BJP has suffered two strokes – one from UP and other from AP. But will this lead to a paralysis as the saffron brigade heads for a general elections?
Ahead of the summer, the BJP seems to have suffered two major strokes – one in the UP heartland and the other in Andhra Pradesh. While the one in AP where Chief Minister Chandrababu Naidu withdrew his TDP from the NDA was expected, the UP one was a big jolt.
Naidu withdrew support over not getting special status for AP. It was a move to protect his own vote base rather than an anger directed against the NDA. But to get defeated from the bastion of Chief Minister Yogi Adityanath and from a seat held by the saffron party for 27 years is indeed a big stroke. But will this stroke lead to a paralysis in the BJP? That is the question being debated today.
The Samajwadi Party won the two recent by-elections in Gorakhpur and Phulpur with large margins. There is no doubt that these are strong signals ahead of the upcoming general elections. They are also clear warning alarms for the UP Chief Minister and his deputy, Keshav Prasad Maurya, who had held those seats.
These results, and the RJD victory in the neighbouring state of Bihar, have given the fragmented opposition a template for 2019. No wonder that BSP supremo Mayawati has called for early polls to the Lok Sabha hoping that the opposition unity will not fragment or evaporate.
The BJP victory in 2014 came mainly from Uttar Pradesh, Bihar, Rajasthan and Madhya Pradesh. These four states can decide who will rule Delhi. Hence, the formula that will be worked out is to have a grand alliance between the Samajwadi Party and BSP in Uttar Pradesh and rope in the RJD for Bihar.
This Hindi belt (some call it the cow belt) alliance will keep the Congress at bay because the grand old party headed by Rahul Gandhi is hated in UP and Bihar. It has been proved that anyone entering into an alliance with the Congress is bound to lose. It happened to SP when Akhilesh Yadav entered into an alliance with the Congress in the previous elections. Hence, this time, Akhilesh kept the marginalised Congress to where it rightly belongs – on the margins.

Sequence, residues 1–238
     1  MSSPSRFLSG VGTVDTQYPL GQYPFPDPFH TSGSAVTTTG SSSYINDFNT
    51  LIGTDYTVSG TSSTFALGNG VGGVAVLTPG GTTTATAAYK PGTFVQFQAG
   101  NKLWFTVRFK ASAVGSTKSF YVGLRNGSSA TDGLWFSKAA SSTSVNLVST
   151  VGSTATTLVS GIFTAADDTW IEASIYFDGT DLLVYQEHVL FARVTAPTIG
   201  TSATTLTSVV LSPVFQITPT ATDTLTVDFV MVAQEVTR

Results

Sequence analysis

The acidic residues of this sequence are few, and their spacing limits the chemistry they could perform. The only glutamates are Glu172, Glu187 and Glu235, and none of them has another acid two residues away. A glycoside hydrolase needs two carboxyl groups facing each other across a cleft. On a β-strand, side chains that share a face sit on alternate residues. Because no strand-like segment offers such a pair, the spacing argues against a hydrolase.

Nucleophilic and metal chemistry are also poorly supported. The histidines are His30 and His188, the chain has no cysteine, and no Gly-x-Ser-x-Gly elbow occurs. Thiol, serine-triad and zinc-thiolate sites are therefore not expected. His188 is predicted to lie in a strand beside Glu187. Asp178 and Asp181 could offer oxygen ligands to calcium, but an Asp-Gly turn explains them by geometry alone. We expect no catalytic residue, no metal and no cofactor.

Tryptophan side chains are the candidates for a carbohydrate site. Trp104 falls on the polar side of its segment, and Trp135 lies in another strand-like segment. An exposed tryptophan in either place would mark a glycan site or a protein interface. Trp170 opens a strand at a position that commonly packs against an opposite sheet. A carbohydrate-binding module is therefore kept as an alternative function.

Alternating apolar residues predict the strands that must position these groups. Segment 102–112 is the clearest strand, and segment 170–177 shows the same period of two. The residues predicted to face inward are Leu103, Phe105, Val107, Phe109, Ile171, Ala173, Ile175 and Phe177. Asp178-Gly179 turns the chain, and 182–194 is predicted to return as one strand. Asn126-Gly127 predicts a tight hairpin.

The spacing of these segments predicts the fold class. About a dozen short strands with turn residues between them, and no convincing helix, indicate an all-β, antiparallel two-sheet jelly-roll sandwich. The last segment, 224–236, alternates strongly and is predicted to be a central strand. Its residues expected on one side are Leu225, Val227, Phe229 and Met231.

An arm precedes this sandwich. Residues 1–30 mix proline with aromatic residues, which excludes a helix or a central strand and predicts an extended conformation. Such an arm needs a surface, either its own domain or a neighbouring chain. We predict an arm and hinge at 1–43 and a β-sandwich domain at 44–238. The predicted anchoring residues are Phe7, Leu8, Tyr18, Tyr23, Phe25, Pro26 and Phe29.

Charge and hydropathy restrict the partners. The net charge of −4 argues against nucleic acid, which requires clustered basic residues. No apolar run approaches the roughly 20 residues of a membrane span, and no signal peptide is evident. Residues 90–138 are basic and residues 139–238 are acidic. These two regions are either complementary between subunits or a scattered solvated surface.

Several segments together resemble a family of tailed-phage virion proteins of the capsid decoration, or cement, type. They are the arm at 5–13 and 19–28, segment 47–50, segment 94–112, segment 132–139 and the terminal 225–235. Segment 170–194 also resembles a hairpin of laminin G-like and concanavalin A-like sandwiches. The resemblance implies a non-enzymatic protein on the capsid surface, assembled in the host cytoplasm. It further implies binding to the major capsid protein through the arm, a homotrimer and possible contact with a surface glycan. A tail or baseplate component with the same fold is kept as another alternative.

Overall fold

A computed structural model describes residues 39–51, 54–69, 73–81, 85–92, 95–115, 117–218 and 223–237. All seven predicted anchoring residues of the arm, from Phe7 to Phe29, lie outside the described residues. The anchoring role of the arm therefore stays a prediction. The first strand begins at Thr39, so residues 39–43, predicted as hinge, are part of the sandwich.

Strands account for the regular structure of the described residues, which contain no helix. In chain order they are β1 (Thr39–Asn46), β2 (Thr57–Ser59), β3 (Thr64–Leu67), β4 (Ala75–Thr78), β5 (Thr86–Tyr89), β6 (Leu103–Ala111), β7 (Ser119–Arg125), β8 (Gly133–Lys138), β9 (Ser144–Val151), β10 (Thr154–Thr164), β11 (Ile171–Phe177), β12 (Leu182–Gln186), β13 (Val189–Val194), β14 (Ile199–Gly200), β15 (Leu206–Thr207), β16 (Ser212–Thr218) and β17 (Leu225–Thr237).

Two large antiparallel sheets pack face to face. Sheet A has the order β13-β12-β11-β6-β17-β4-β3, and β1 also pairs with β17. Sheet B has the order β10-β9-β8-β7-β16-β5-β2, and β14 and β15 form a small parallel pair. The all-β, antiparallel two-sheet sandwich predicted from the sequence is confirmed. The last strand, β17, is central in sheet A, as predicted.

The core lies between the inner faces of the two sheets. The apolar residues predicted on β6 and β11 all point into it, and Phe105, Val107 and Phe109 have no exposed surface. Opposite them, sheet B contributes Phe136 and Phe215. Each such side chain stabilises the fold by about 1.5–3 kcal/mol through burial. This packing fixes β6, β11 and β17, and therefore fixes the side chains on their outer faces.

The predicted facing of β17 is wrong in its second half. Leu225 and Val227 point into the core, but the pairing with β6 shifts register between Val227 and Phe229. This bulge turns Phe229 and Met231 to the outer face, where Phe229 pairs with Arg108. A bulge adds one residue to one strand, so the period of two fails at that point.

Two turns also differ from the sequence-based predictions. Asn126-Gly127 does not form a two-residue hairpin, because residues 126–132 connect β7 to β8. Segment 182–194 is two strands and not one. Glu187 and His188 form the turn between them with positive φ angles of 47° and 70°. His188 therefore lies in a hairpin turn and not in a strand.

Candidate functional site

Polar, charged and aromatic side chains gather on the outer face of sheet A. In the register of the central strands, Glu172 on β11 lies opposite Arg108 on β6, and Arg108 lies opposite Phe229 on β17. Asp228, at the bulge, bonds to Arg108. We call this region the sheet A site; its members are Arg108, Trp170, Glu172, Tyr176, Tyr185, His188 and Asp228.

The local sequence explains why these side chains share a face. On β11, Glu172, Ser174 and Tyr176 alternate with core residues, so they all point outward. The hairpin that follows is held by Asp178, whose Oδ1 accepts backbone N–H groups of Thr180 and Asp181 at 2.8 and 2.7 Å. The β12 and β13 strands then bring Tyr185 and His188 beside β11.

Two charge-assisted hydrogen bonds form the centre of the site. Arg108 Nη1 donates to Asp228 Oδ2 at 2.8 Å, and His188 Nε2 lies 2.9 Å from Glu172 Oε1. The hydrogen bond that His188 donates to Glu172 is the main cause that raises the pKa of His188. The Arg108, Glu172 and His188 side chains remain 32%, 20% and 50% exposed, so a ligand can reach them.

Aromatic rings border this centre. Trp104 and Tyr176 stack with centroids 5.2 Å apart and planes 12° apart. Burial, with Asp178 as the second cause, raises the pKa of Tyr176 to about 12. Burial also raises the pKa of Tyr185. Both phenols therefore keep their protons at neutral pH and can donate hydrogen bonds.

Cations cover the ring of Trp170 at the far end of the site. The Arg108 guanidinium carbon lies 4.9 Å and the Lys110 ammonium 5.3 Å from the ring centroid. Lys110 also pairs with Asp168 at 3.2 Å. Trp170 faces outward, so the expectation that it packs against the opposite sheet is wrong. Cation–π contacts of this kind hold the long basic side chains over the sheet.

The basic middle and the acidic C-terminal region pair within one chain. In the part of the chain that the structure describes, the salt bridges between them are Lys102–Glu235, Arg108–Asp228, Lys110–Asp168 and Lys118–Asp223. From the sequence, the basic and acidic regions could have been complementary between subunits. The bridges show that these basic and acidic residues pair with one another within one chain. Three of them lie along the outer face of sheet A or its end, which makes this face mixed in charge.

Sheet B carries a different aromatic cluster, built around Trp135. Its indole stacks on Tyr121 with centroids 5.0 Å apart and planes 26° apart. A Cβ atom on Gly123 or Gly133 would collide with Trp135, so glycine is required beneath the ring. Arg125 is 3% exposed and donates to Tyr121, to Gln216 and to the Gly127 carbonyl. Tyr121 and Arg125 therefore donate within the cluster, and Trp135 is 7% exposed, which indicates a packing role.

But in Rajasthan and Madhya Pradesh, the SP-BSP-RJD alliance will allow the Congress a free hand. This is because, unlike UP and Bihar, Rajasthan and MP are led by strong Congress local leaders in Sachin Pilot and Jyotiraditya Scindia. If the Congress is able to cap the infighting in these states, the party would romp home both in the Assembly elections and Lok Sabha polls.
In a way, there is an emergence of young leadership ready to take on Modi – Akhilesh in UP, Tejeswi Yadav in Bihar, Sachin Pilot in Rajasthan and Jyotiraditya Scindia in MP. Add to this anti-BJP forces like Mamta Banerjee, Shiv Sena and the Left parties. That will be the line up for 2019.
And these young leaders are ready to dump old baggage and test new grounds. Akhilesh Yadav was quick to go and meet his father’s arch rival Mayawati to thank her and announce that he is ready to bury the past and work with the BSP supremo.